Flash Forward – Final Edits Underway!

FlashForward1Back in April 2013, I wrote a series of short stories that I hoped would tap into some of the more interesting and cutting edge ideas that I’ve been researching in recent years. And after I compiled the list of stories, ordered them based on a connecting thread, and adding a few more stories for good measure, I am now ready to run this story through the editor and make it ready for publication.

I plan to have it ready by mid-November; but as always, deadlines are best taken with a grain of salt. In any case, here’s a rough breakdown of the stories and what they are about:

Part I: Transitions
The first section deals with the coming years and decades and examines what emerging technologies and Climate Change will likely mean for people “lucky enough” to see it all unfold!

AZ-286: Set in a near-future Arizona, where the National Guard patrols a militarized border made up of minefields, motion detectors, machine gun posts, and fence lines. It’s a brutal measure, but the US can no longer tolerate the constant influx of refugees looking to escape the drought, hunger, and coastal storms that are commonplace to the south.

Repute: In the coming years, a person’s reputation will be assessed based on the entirety of their online presence. Their accomplishments, education, work performance, and social habits will all be assessed and condensed into a metric known as the Reputation Index Placement (RIP).

templo_mayorInterlopers: Cultural interpreters from the National Autonomous University of Mexico have combined augmented reality with an immersive program to recreate what the city once looked like before the Spanish conquest.

Cover: Surveillance drones permeate the sky, many of which are operated by private citizens who are looking to steal people’s personal information and identities. For those not rich enough to afford portable jammers, stepping outside is a risky game, requiring speed, vigilance, and daring.

Highest: Space-based solar power is a lucrative business, and a dangerous one for the dastardly fellows who conduct spacewalks to perform maintenance on the arrays.

Image converted using ifftoanyLPVTTMIL: Artificially-engineered meat is the business of the future, where highly-trained personnel assemble different types from scratch inside nanofoundaries. But beyond the demand for chicken, beef, and other legal forms of sustenance, there is also a demand for the more exotic and illegal; and those engineers with connections to the black market are willing to provide.

Part II: Convergence
At this point, the stories are getting into the latter half of the 21st century, examining how people’s lives will change as technology rapidly advances and forever alters the course of our history.

Quota: Carbon Capture technology has become a major industry, with facilities in every major city of the world turning air pollution into biofuel. But what happens when every operation on the planet can no longer meet their obligations under the quota system? Decades of turning Global Warming into alternative fuel has created a new dependency, which is bad news if things really are getting better!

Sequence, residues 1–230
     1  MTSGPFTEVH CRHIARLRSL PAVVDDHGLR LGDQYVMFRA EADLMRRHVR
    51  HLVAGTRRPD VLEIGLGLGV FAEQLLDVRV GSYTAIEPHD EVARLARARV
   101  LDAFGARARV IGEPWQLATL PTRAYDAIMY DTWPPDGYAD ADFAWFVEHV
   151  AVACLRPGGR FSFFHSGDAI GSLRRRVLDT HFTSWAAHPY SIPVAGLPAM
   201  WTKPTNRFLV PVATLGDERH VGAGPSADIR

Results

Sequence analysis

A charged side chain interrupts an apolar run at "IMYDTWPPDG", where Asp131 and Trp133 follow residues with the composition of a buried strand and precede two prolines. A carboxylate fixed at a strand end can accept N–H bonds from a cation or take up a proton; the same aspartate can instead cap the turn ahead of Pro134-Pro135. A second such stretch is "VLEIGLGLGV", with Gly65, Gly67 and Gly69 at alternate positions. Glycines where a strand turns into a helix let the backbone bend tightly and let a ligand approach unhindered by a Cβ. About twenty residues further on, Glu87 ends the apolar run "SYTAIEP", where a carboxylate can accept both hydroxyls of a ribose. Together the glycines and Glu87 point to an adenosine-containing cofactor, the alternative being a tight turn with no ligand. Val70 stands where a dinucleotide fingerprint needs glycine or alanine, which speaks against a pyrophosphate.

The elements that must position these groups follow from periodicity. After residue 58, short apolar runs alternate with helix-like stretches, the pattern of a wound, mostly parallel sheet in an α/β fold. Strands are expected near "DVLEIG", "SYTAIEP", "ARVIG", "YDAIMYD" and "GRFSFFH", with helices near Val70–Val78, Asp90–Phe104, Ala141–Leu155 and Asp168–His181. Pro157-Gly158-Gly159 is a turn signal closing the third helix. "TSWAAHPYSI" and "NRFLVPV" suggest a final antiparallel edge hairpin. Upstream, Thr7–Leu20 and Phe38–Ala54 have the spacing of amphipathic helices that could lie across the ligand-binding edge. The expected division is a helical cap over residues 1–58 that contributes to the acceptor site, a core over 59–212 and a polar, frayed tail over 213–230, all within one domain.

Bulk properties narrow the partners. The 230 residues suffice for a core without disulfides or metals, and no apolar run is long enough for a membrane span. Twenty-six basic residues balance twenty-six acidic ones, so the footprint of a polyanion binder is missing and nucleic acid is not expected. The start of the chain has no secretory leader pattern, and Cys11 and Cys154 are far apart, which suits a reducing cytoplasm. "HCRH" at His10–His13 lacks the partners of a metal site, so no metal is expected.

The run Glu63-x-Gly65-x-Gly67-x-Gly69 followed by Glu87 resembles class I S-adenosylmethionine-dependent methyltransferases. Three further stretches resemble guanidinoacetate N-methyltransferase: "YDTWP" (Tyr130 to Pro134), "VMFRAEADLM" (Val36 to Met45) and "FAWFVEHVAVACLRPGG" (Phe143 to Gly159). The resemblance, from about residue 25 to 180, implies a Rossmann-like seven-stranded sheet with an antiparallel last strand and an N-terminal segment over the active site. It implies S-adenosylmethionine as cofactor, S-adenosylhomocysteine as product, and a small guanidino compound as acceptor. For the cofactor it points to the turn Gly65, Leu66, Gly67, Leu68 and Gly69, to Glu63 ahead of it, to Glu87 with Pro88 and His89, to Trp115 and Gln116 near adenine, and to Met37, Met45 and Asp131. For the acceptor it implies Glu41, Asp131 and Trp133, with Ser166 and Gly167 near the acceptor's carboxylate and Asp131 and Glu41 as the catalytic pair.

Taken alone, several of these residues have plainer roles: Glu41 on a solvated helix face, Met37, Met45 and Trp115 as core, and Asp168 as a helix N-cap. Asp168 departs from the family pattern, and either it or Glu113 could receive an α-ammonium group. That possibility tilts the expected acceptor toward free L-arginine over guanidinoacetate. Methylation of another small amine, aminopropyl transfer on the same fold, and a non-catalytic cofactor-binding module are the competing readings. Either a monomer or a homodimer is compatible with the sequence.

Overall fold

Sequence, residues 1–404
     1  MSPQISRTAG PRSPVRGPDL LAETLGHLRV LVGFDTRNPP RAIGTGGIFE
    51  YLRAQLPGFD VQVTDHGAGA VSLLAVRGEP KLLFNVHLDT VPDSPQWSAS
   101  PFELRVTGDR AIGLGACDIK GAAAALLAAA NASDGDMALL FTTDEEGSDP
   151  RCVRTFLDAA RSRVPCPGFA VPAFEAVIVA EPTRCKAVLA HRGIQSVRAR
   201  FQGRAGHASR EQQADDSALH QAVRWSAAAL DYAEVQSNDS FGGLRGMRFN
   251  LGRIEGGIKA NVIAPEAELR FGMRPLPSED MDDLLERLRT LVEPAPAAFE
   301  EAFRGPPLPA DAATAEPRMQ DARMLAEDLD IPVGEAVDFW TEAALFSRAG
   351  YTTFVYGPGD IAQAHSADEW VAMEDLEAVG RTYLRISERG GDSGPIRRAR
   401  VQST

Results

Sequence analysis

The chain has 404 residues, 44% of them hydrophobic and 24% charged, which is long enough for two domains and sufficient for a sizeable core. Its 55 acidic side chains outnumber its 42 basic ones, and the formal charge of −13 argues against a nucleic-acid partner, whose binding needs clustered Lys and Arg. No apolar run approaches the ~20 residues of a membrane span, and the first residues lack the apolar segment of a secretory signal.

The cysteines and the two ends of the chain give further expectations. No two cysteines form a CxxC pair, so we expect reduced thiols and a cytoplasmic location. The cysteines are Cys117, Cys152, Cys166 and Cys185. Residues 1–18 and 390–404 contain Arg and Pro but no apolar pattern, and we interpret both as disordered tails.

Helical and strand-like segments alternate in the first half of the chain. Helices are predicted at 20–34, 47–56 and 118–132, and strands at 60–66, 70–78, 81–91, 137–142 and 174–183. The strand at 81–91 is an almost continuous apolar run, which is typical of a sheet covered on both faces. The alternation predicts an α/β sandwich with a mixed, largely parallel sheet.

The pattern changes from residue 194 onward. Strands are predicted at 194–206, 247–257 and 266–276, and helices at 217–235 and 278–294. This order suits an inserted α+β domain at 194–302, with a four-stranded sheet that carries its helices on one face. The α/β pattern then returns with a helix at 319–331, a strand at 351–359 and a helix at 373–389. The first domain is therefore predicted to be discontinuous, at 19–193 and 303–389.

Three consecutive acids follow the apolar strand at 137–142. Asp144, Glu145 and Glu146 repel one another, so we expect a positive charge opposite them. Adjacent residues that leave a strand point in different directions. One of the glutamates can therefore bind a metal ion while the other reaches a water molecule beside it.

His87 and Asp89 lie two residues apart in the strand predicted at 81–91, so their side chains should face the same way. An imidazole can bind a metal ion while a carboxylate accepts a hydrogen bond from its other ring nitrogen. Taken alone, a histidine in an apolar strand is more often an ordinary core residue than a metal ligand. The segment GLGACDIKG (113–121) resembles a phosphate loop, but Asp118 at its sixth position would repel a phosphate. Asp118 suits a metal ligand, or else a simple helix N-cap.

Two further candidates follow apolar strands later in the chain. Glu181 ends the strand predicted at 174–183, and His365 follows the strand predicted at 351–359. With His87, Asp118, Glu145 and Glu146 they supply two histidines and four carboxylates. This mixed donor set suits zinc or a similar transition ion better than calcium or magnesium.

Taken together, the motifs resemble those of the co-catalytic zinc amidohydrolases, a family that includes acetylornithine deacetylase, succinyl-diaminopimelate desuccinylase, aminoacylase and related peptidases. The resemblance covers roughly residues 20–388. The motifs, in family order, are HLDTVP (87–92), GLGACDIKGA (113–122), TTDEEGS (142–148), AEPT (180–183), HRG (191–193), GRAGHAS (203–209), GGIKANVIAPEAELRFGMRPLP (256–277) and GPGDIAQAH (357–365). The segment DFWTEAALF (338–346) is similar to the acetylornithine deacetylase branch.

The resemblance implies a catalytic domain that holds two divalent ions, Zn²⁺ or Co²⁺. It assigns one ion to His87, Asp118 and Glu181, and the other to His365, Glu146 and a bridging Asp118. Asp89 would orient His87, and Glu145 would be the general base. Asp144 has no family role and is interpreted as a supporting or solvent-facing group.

CC-pollution-palazzo-italia-horizontal-galleryTelex: Space exploration has entered a new age as sentient robots – known as telexplorers – are sent out to explore distant exoplanets and communicate their findings back to Earth. But removed from their programmers and masters, the machines are beginning to get ideas of their own – ideas like the “right of discovery” (otherwise known as “finders keepers”).

Neurology: Autonomous Aerial Vehicles (AAVs) are the new weapons in the drone wars. And the law states that wherever life and death decisions are to be made, a human operator needs to be at the helm. However, thanks to neural uploads and digital sentience, the definition of “human operator” has become a bit blurry.

Organic: The age of cybernetics is in full-swing, and people who are without enhancement are relegated to a new underclass known as “organics”. In this world, a young man begins looking for an upgrade that will allow him to escape this status and achieve a better life. But joining the club of enhanced humans may require him to make the ultimate sacrifice.

artificial-intelligence1Ware: Medicinal nanotechnology offers the promise of life extension, better health, and even clinical immortality. And major developers are willing to do anything in order to get their hands on the latest in it! But when a private contractor is paid to steal a cutting-edge strain of nanoware, he hatches a plan of his own.

Masquerade: In the not-too-distant future, personal holograms have raised costumes and disguises to a whole new level of authenticity. And in this age of moral relativism and legal flexibility, costume balls have become all the rage – especially ones that reenact historical periods where rules were firm and fixed.

Interview with the Extropian: The world’s first legally-recognized Extropian (aka. Transhuman) has returned to London after spending many years in orbit. He requests permission to once again walk freely in the land of his birth, but legal restrictions stand in his way. However, it seems that the Extropian’s plans are destined to come true, one way or another.